Art Letter (2/29/08)
I am frequently surprised by where I find good art. I think itís important to take some chance, push ourselves out of whatever habits we indulge and go look somewhere new or different.
It is important to examine the reasons we buy art. For me, one of the main reasons is to support Chicago artists. I like getting a lot of substance for my dollar and Chicago art does that. Buying art by artists who havenít been anointed by the marketplace (which is wrong more than it is right) is another good way. I am 100% sure that there is more good art for sale for under $5000 than there is good art for sale over $100,000. One of the things this tells you is that money does not buy taste. Another is that the market is hyperbolic with with lemmings void of confidence or insight establishing trends. Screw that. Buy for yourself. Itís much more satisfying, educational and genuine.
Take a look at Architrouve. This is a gallery run mostly as a service. Sometimes they have some really choice, thoughtful, small exhibitions; like the one opening tonight of paintings by Marianna Levant and Brenda Barnum. Iíve been drawn to Levantís work for a few years now. She reminds me of a young Kandinsky, with flying universes of lofty ideals. Plenty of talent, which makes me all the more sad to learn that she moved from here to Seattle last fall. This is precisely the talent that we want be able to keep - the oneís who enrich our lives and make us look good in the process.
Barnum is a lifer. Sheís been creating solid artwork for a while. The kind of artist art chooses; the one who has no choice, who appreciates the nuances of a career and how art and art-making evolve over time; consistent growth, subtle progress. It is the doing that is more satisfying than the product. These are paintings for artists, to examine the process, balance, composition and weight of each piece. They give a lot but insist that we participate.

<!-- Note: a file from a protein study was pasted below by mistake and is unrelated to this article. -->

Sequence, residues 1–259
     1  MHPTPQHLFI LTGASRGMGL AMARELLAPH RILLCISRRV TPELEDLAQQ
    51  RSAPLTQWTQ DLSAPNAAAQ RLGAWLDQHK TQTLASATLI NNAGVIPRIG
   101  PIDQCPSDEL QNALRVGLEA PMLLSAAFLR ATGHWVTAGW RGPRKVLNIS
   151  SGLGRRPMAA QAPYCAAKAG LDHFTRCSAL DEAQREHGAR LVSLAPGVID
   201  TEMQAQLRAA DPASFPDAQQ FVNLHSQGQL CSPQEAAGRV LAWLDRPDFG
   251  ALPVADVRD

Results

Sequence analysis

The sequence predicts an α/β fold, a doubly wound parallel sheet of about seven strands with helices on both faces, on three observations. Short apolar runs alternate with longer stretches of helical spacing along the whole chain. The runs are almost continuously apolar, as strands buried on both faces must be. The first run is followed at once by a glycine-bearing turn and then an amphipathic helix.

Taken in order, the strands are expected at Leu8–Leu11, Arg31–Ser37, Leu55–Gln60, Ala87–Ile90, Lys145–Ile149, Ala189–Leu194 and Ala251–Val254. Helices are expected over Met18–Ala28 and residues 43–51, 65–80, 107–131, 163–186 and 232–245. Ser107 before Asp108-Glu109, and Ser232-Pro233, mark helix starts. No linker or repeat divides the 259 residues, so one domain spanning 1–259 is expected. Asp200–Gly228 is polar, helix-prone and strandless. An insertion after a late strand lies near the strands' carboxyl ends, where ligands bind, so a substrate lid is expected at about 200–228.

And John Phillips is a lifer too. His new exhibit opens this evening at the renamed, reconfigured and rebirthed Tony Wight Gallery. Watching an artist like Phillips methodically, deftly explore new territory is gratifying. He and is art are intelligent, considered, thoughtful, studied, honest and sincere. Watching Tony Wight arrive is special too. I know his course has been difficult and his education demanding. Formerly Bodybuilder & Sportsman Gallery, heís learned by experience, and heís learned well. He cares and his artists like him. Thatís pretty much all I need to know.
Thereís a show closing tonight I wished Iíd previewed and spent money at. KS Rivesí closing is at the Chicago Art Department. Her collages are painstakingly and meticulously rendered. They work from afar and from close up. And theyíre rather wonderful technically for such a young artist when most others her age are still making Ďdormí art. KS Rives is the first chapter of a Chicago success story, making good art, having a good selling, strong looking exhibit, and getting written up large in the SunTimes. Bravo. It can be done.
Marco Casentini is a marvelous example of how a competent artist can succeed through solidly taking responsibility for his own career. I first met Marco about ten years ago. He was an artist from Italy who spoke almost no English but had this vision that American galleries would like his art. Through his gumption and agreeable nature, on his first trip to the US he ended up with a gallery in Chicago, Philadelphia, San Francisco and Los Angeles. Heís good, but rest assured that he didnít succeed solely on the quality of his paintings. It can be done people. His new show opens tonight at Roy Boyd Gallery.
Several years ago one of the artists I respect most, Tony Berlant, referred to Ed Ruscha as ďan artist for the ages.Ē Those are the kind of words that make me wake up and snap to attention. Iíve always liked Ruscha, but this cast him in a new light. Opening tomorrow at the Art Institute is a survey exhibition of sorts: Ed Ruscha and Photography This show allows us to track early work in Ruschaís long and steady career. Despite always being at the front edge of the wedge Ruschaís work still looks fresh.
Better this week,